The Senate debate on the articles of impeachment was brief. The Senate debated and voted on each article of impeachment separately, Article 1 on the crimes causing Joseph Boever’s death, Article 2 on malfeasance in office afterward. Senator Lee Schoenbeck of Watertown led the debate on Article 1 with an impassioned call for Senators to imagine someone they know being run down and killed the way Jospeh Boever died at Jason Ravnsborg’s hands. Schoenbeck cussed Ravnsborg out, saying with a gesture to the defense table and the podium just a few steps away that if Ravnsborg had wanted to vigorously defend himself, “There’s a mic right there, and that’s a damn short walk.” Schoenbeck noted with disdain that even as he sat in the Chamber, Ravnsborg chose “not share with us what the hell he was doing killing that person.”
Senator Schoenbeck was followed by speeches from Senators Troy Heinert, Gary Cammack, Jessica Castleberry, Helene Duhamel, Michael Diedrich, and David Wheeler in support or conviction. Unlike the House, where no members stood to justify their opposition to impeachment before casting their nays, two Senators, Arthur Rusch and Tim Johns, stood to argue the Senate lacked grounds for impeachment. Both are former circuit court judges, and such legal arguments coming from Rusch and Johns could have carried great weight.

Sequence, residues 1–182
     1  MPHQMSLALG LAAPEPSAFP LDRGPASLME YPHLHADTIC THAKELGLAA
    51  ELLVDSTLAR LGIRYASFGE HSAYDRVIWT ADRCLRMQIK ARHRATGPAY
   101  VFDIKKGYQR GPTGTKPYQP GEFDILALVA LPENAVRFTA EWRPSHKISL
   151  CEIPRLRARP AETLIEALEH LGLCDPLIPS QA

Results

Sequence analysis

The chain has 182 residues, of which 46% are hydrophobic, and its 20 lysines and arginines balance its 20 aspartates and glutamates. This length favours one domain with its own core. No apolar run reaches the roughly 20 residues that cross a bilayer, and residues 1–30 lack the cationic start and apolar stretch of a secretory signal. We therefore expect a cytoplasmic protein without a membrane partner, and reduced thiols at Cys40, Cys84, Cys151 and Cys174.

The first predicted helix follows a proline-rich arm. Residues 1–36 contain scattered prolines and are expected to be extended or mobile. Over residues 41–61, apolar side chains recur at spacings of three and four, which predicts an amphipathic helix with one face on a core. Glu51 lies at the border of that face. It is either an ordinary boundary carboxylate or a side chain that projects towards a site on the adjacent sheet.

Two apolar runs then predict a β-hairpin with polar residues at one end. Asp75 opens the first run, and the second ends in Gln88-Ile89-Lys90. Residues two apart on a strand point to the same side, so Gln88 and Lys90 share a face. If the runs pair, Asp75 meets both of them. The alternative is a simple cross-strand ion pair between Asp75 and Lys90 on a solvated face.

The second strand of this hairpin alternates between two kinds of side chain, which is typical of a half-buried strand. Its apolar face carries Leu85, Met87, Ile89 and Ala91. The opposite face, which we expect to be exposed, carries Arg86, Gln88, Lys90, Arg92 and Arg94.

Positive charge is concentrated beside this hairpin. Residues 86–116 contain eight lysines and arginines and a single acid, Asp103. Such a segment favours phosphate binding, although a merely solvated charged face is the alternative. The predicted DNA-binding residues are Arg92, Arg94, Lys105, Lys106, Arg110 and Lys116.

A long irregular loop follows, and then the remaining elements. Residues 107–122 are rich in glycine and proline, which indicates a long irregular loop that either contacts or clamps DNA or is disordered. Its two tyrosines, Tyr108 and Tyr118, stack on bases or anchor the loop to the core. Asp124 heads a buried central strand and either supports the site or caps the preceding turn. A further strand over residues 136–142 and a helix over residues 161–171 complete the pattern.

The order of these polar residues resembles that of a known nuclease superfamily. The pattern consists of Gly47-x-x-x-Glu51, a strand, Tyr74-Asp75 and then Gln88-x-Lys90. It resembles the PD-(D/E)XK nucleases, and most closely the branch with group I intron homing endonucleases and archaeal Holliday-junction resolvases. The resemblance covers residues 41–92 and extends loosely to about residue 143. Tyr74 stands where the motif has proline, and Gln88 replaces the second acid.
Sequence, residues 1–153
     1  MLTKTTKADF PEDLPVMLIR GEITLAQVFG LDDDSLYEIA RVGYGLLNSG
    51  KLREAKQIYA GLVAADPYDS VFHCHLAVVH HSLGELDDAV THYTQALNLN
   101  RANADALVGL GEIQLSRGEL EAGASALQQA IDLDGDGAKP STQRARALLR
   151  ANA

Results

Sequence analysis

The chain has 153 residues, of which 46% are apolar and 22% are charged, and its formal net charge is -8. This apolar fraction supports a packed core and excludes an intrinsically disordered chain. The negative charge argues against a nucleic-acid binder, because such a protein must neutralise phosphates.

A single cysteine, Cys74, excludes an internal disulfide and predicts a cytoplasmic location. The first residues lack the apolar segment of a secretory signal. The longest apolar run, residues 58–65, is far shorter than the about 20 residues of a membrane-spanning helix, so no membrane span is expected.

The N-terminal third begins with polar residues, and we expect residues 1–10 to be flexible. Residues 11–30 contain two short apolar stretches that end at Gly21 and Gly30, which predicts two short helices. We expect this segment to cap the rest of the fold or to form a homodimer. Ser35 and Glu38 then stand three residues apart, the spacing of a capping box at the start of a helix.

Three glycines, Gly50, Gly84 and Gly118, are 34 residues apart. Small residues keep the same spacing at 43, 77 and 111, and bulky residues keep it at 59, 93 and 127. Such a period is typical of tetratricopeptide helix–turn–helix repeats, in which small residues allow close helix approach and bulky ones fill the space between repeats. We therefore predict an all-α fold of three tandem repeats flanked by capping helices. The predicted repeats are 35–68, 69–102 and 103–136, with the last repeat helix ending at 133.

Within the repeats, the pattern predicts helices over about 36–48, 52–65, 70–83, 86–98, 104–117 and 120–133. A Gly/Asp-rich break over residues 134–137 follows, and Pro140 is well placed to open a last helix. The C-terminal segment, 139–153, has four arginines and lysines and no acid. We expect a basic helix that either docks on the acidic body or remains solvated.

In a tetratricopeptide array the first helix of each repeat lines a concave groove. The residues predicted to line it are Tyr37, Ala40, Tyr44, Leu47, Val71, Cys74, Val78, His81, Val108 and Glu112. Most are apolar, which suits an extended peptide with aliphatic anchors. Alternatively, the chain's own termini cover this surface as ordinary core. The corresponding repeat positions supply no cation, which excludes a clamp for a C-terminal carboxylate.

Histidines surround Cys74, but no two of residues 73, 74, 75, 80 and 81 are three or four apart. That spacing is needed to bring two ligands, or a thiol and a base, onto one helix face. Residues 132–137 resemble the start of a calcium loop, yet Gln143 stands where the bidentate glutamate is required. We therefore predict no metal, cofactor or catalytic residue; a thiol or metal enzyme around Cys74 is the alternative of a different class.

Conviction required a two-thirds vote, 24 members. 24 members voted to convict on Article 1. The nays were nine Republicans (Johns, Rusch, Greenfield, Klumb, Kolbeck, Maher, Novstrup, Steinhauer, and Symens).
Two members, Senator Julie Frye-Mueller and Red Dawn Foster, were absent from the trial. Foster, a Democrat, would almost have assuredly have voted to convict. Had just one other Republican voted no, Foster’s absence would have acquitted Ravnsborg on Article 1.
That precarious question did not matter on Article 2. Rusch contended he saw enough evidence that Ravnsborg misused his office, in identifying himself as Attorney General in his 911 call after the accident and other ways, to justify conviction. Johns maintained the evidence on Article 2 was only “speculation and opinions” and not strong enough to remove an elected official. Senator Duhamel rose to say honesty matters, and Senator Wheeler said Ravnsborg’s lies violated his duty as our chief law enforcement officer. On Article 2, 31 Senators voted to convict and remove Ravnsborg from office. (Official roll call isn’t posted yet, but I think the only two nays I heard came from Johns and Novstrup.)
Only two Senators would have voted to keep Ravnsborg in office.
The Senate then punctuated its verdict by voting unanimously, on each article, to disqualify Jason Ravnsborg from ever holding “any office of trust or profit under the state.”
With those votes, the Senate removed Jason Ravnsborg from office and ensured he never will hold office in this state again.
Jason Ravnsborg is the first elected official in South Dakota ever impeached, convicted, and removed from office by the Legislature. Governor Kristi Noem now has the opportunity to appoint a replacement for Ravnsborg to carry out the duties of Attorney General until a new A.G. is inaugurated come January.